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Paris, November 14, 2007

The Himalayas : a powerful CO2 pump

Young mountains in the tropics, such as the Himalayas, undergo intense erosion, which tends to reduce the amount of carbon dioxide in the atmosphere. On the basis of a geochemical assessment covering the entire Himalayan basin, from its source, the Himalayan formations, to the final area of sediment deposition in the Bay of Bengal (Indian Ocean), researchers at CNRS-INSU(1) have been able to quantify the processes at work  and get a better picture of their power.   In this way they showed that the high erosion rates in the Himalayas led to the transport of huge quantities of organic debris, which is carried down by the great rivers and then rapidly buried in the Indian Ocean. As a result of this process, carbon becomes stored in the natural geological reservoir formed by this ocean basin. These findings, which were published in the 15 November issue of Nature, illustrate the role of erosion in the carbon cycle and in long-term climate regulation. Over time scales of several tens of millions of years the erosion of mountain chains thus plays a role in cooling the climate.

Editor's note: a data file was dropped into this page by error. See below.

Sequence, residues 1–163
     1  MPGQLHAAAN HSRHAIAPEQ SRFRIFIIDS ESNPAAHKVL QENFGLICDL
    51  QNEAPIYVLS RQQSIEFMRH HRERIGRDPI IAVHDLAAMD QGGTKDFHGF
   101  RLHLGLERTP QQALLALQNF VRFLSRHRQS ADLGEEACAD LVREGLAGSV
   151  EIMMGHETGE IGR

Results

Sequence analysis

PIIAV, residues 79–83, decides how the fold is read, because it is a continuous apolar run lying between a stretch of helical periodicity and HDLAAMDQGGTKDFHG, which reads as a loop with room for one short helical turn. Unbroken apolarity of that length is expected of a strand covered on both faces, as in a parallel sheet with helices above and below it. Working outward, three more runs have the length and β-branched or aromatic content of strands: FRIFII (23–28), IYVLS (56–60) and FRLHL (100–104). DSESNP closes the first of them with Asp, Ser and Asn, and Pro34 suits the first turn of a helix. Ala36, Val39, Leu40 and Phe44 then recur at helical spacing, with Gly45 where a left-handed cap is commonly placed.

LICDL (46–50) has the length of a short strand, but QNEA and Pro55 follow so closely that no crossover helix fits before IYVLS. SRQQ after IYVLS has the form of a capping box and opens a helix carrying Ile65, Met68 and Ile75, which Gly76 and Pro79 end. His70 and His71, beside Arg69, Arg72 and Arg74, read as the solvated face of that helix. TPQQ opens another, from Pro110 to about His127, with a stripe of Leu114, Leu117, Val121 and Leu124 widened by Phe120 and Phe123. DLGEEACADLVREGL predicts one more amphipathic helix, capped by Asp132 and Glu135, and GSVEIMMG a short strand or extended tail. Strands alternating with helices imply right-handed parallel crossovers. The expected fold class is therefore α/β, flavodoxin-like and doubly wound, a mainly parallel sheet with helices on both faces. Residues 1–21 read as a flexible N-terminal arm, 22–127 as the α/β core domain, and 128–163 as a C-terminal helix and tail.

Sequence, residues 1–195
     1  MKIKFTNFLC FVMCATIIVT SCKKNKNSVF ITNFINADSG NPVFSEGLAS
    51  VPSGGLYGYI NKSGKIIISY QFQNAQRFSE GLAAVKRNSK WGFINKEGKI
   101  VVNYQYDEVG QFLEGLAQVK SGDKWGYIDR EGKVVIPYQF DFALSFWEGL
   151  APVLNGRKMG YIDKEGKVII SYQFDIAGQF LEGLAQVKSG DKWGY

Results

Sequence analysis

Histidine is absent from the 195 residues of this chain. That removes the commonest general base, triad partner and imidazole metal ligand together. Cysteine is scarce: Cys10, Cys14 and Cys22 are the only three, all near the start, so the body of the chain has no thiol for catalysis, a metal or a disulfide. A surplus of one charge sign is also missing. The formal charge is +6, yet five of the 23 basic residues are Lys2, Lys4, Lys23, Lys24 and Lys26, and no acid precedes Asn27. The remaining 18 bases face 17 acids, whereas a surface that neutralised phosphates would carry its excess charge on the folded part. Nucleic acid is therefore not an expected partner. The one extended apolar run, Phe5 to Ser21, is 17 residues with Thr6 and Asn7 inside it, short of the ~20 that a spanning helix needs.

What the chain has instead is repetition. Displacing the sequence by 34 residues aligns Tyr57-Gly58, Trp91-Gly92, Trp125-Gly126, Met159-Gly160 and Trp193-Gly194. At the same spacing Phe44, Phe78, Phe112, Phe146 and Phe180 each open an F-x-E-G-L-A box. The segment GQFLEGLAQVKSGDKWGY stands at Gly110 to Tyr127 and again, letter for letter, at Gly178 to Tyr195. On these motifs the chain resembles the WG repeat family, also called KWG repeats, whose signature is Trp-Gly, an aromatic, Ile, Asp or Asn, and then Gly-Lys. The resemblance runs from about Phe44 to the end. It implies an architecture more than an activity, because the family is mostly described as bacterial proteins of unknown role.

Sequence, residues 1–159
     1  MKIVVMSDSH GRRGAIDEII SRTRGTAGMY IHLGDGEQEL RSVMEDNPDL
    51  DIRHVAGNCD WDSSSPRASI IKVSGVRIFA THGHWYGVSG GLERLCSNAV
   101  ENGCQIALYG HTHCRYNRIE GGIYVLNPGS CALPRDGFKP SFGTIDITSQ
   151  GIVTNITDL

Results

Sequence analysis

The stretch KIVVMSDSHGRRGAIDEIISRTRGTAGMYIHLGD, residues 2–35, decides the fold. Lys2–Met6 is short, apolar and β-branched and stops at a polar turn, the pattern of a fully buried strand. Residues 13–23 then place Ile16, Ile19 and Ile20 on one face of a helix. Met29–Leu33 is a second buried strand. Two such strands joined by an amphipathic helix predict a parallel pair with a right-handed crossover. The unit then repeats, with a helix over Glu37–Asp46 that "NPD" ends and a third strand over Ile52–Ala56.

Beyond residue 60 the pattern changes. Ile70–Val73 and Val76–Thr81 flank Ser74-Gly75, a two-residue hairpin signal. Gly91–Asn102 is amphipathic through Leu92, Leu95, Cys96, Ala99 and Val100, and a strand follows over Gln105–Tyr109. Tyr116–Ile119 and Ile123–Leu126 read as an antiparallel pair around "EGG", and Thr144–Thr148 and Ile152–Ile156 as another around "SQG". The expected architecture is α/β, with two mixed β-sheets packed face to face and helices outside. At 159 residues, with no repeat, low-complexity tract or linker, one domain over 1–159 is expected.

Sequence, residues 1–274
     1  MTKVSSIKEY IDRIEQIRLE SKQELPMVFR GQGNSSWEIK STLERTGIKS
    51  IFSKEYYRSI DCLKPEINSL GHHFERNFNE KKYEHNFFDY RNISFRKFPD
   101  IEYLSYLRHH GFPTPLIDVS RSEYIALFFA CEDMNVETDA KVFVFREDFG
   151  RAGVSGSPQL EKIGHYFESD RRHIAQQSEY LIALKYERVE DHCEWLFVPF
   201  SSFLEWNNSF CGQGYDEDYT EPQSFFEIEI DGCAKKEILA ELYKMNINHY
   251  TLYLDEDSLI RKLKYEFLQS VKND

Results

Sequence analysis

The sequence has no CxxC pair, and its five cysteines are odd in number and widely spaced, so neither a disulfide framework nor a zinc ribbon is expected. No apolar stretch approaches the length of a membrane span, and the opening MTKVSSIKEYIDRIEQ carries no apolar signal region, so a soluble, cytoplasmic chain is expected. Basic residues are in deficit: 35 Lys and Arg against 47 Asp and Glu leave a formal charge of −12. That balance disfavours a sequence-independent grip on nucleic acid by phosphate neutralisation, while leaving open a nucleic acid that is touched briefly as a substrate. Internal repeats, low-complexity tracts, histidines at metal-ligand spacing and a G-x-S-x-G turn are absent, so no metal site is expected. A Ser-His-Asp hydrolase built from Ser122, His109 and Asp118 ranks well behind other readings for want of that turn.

Notes :

1) INSU: Institut National des Sciences de l'Univers (National Institute of Earth and Astronomical Sciences)

The Center for petrographic and geochemical research(CNRS-INSU / Nancy-Université), the 'Geology and resource management' laboratory (CNRS-INSU / Nancy-Université) and the Geology laboratory (Ecole normale supérieure de Paris / CNRS-INSU)contributed to the analysis of rocks and/or sediments. The oceanographic exploration campaigns in the Bay of Bengal were carried out by "The Federal institute for geosciences and natural resources" (BGR, Germany).

This research was carried out with the backing of two CNRS-INSU programs, Eclipse and Relief de la Terre.

Références :

Efficient organic carbon burial in the Bengal fan sustained by the Himalayan erosional system. Valier Galy, Christian France-Lanord, Olivier Beyssac, Pierre Faure, Hermann Kudrass & Fabien Palhol. Nature. 15 November 2007.

Contacts :

Christian France-Lanord
T 03 83 59 42 20

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Priscilla Dacher
T 01 44 96 46 06

Communication CNRS-INSU
Christiane Grappin
T 01 44 96 43 37


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